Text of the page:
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Cost, Quality, Quantity: A 4-Point Analysis of Today’s IEQ Options

Feb 14, 2018 2:16:57 PM / by Dmitry Shvartsman Dmitry Shvartsman

 

Diabetes research requires the use of insulin-secreting islets of Langerhans[1] that are derived from the pancreas of a human or a mouse. Islets of Langerhans are tiny cell clusters in the pancreas that are responsible for insulin production.  When these cells malfunction, diabetes occurs. Whole islets, or the beta cells derived from islets, are a critical component in diabetes research. For example, they are required when using high-throughput screens (HTS) to identify the next active compound that would lead to an increase in newly-formed beta-cells or to reduce the chance of beta-cell death. Unfortunately, isolation of islets from donor tissues is a technically challenging process, which limits the number of islets available from the individual donor. Also, it is often complicated by the lack of access to donor pancreas tissue.

With the emergence of induced pluripotent stem cell (iPSC) technology, researchers have developed sophisticated protocols for the generation of a large number of insulin-producing cells from donor iPSCs, covering the growing need for more and more cell material in pre-clinical research in diabetes. These cells resemble tissue-derived islets in their morphology and in insulin production, and often respond to glucose stimulation like those which were derived from donor islets.

The following infographic shows the difference between the cost and quality of each individual Islet Equivalent (IEQ) when isolated from cadaveric pancreas versus those which are derived from donor iPSC lines.

Cellaria-CostQuadrantDiagram_LO5.png

QUADRANT 1: Quality Per Donor

During a routine islet isolation from a single cadaveric pancreas, the tissue is subjected to enzymatic digestion and mechanical dispersal. Islet-containing structures are isolated and collected with a yield of ~300,000 islet equivalents (IEQs) for one pancreas. Generation of iPS-derived islet organoids produces about 130,000 islet-like clusters/organoids in each derivation, and it can be repeated 100 times before initiating a new iPSC culture from a master bank.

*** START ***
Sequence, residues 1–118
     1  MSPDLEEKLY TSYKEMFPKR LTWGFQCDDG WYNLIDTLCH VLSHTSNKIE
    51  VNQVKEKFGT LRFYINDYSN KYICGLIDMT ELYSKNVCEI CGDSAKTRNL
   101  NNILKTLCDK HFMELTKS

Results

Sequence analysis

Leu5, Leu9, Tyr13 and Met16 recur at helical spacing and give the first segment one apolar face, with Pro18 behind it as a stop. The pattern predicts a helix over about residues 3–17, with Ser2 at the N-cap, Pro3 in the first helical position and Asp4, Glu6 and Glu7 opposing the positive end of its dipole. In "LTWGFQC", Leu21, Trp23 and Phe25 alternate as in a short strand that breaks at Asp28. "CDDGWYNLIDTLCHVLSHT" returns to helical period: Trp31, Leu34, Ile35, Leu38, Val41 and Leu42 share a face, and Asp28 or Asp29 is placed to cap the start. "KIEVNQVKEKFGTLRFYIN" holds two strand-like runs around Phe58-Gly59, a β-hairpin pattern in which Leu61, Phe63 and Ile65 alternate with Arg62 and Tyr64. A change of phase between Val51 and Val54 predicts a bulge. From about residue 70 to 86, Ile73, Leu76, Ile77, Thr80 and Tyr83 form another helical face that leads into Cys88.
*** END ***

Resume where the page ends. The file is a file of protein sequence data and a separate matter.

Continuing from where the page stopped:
QUADRANT 2: Cost Per Islet Equivalent

Deriving both cadaveric and iPS-derived IEQs requires a high level of technical expertise and as such these cells can be very expensive. However, while the main costs to derive cadaveric IEQs are linked to the procurement of donor tissue and its processing, iPS-based differentiation costs are related to the use of laboratory reagents, and media over the course of labor-intensive differentiation procedures. Nevertheless, iPS-derived IEQs at scale are offered at half the cost of the donor IEQs, once a well-defined iPSC starting line is established and characterized.

 QUADRANT 3: Quality

Enzymatic digestion and mechanical dispersal of donor pancreas tissue limit the size uniformity of the derived IEQs, could result in beta cell loss, and produce variability in cellular and insulin content due to the donor clinical state and genetic background. iPSC-derived IEQs overcome these limitations, although with reduced insulin content and limited glucose-stimulated insulin secretion response, which requires an additional maturation in specialized media.

 QUADRANT 4: Islet Equivalents Needed Per Application

Both donor-derived IEQ and iPSC-derived islet organoids are used in each application shown. Depending on the scale of the study and its statistical power, ever-increasing numbers of IEQs are required. Limitations set by the low amount of donor tissue available are being overcome by the use of iPSC-derived IEQ organoids in unlimited amounts.

Ongoing research is dedicated to improving iPSC-derived beta cell functionality and the robustness of differentiation protocols. At Cellaria, we offer our expertise in generating iPSC-derived beta cell organoids for use in your research application. 

 

[1] Islets of Langerhans are complex structures in the human pancreas, comprised of beta, alpha, delta, epsilon and other cell types. Beta cells secrete insulin to control glucose homeostasis. Other cells in the islets interact with the beta cells and respond to metabolic changes in humans.

Dmitry Shvartsman

Written by Dmitry Shvartsman

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